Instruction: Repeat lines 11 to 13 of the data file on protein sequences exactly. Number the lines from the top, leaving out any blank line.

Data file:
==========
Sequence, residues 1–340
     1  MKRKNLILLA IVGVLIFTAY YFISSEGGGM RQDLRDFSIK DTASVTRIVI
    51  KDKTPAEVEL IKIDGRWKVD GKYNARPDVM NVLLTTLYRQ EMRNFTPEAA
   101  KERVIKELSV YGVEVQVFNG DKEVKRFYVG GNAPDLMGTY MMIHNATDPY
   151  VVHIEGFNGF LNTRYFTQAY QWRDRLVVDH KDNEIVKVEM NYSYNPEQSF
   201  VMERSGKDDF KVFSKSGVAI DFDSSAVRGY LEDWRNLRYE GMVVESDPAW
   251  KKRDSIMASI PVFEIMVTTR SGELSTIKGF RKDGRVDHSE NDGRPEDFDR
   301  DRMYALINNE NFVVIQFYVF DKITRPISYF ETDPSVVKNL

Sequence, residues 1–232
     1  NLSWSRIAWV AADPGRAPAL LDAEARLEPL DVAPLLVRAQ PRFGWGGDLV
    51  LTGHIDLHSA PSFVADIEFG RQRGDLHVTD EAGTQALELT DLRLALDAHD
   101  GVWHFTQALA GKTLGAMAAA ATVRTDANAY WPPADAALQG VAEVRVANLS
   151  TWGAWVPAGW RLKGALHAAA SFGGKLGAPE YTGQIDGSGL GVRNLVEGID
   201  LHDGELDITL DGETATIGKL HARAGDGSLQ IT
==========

    51  LTGHIDLHSA PSFVADIEFG RQRGDLHVTD EAGTQALELT DLRLALDAHD
   101  GVWHFTQALA GKTLGAMAAA ATVRTDANAY WPPADAALQG VAEVRVANLS
   151  TWGAWVPAGW RLKGALHAAA SFGGKLGAPE YTGQIDGSGL GVRNLVEGID